I have wondered for some time whether Theresa May’s promise not to try for an early general election was a ploy. The thinking goes like this: you say you won’t hold one so that you don’t fall into the speculation trap Gordon Brown did nearly a decade ago – yet it is always there if you decide the time is right. However, her advisors have now said too much for this to remain a realistic possibility:
“There will be no election, the public does not have an appetite for it. They want our politicians to get on and do their job.”
She has gone too far down the path of holding the next election in 2020 to reverse. Of course, in a post-opposition world, even the impossible is possible, but I now simply can’t see May pulling the trigger before the Fixed Term Parliament Act deems necessary.
While I have spoken previously about how waiting until 2020 for the next election could make some strategic sense for the Conservatives (a Labour split looks unlikely; Corbyn hangs on for three and a half more years, grinding his and his party’s popularity down more with each passing month; the new boundaries in effect) it still does offer the centre-left a real opportunity. If May were to push for a general election next Spring it would definitely be a massacre for Labour no matter what. Putting it off until 2020 at least gives the centre-left a theoretical opportunity to get themselves together.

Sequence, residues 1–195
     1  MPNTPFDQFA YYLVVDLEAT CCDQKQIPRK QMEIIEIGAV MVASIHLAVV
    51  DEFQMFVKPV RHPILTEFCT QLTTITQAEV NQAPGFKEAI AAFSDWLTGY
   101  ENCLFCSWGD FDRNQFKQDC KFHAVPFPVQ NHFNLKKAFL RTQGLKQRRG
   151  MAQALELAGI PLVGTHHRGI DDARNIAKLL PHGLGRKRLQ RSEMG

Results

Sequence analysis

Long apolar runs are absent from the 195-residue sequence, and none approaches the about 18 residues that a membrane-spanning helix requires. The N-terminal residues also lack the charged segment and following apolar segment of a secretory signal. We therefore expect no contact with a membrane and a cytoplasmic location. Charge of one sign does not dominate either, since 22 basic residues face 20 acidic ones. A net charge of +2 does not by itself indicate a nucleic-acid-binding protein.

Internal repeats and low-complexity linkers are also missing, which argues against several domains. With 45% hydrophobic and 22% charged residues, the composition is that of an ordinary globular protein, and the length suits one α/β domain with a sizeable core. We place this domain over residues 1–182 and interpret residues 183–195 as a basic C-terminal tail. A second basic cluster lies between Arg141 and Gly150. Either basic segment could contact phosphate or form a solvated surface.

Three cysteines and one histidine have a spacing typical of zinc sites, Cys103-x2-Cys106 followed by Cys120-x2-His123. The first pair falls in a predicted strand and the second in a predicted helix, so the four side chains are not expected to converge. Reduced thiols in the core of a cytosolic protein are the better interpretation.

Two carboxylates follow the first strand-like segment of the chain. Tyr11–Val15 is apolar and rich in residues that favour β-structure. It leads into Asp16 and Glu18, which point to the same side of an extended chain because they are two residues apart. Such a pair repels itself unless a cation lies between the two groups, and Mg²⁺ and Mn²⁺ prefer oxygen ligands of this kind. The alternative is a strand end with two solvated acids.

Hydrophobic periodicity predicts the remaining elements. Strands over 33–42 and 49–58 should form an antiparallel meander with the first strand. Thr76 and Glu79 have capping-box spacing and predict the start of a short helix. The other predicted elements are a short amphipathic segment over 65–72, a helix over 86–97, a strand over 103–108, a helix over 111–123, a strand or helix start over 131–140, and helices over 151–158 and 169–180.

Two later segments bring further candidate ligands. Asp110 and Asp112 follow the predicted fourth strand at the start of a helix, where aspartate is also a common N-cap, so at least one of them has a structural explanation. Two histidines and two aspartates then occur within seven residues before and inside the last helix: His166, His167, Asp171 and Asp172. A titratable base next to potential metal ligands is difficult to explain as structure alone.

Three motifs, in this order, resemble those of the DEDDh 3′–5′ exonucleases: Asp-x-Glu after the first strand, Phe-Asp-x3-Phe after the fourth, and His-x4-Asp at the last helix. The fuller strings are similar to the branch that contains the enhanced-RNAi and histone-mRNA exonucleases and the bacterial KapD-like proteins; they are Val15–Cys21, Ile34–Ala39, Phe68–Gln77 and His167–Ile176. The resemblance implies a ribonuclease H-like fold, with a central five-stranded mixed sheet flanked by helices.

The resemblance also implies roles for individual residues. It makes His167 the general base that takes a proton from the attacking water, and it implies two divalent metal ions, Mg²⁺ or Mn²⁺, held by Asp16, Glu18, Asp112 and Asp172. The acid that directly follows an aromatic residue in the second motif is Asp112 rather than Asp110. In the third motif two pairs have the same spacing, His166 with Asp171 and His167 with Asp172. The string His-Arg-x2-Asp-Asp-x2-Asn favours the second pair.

May is betting that this won’t happen – she’ll probably be shown to be correct on this one. But imagine if after Corbyn wins with over 60% of the vote in a few weeks time and as a result Labour really do split. Now imagine a decent leader of the opposition, suddenly giving May a hard time for once. Think about a situation in which a centre-left opposition was able to hold May to real account for the Brexit proceedings, which as we’ve seen from the G20 summit are going to be ropey in the extreme. I still don’t think such a party could win a 2020 election – but it could put itself in prime position to win in 2025. As opposed to getting crushed to a point that it would take several elections just to get back into contention, which is what it’s looking like now.
In other words, May’s decision to hold off on calling an election should be galvanising for the centre-left. However, as we’ll see played out in front of us in Liverpool in under three weeks’ time, it is unlikely to have this effect.